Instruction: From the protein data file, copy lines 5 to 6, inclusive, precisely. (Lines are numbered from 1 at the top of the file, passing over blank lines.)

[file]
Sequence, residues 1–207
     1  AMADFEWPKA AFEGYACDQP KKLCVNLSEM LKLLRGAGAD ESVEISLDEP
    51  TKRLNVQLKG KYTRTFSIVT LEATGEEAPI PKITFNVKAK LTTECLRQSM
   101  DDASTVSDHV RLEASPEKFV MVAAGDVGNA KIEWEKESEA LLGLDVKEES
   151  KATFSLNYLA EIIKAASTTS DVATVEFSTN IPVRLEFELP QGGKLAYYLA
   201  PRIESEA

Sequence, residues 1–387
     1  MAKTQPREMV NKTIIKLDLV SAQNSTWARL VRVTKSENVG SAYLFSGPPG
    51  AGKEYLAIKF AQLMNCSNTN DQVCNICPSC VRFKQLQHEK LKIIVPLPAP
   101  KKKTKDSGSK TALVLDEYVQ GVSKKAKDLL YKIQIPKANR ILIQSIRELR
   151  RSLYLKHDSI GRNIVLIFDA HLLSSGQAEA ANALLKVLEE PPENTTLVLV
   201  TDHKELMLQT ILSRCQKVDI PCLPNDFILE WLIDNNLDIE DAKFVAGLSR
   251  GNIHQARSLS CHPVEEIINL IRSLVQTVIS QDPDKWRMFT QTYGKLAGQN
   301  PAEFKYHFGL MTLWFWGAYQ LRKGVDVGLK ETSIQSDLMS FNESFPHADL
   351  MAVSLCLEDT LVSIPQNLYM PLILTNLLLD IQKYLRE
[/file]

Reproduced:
   151  KATFSLNYLA EIIKAASTTS DVATVEFSTN IPVRLEFELP QGGKLAYYLA
   201  PRIESEA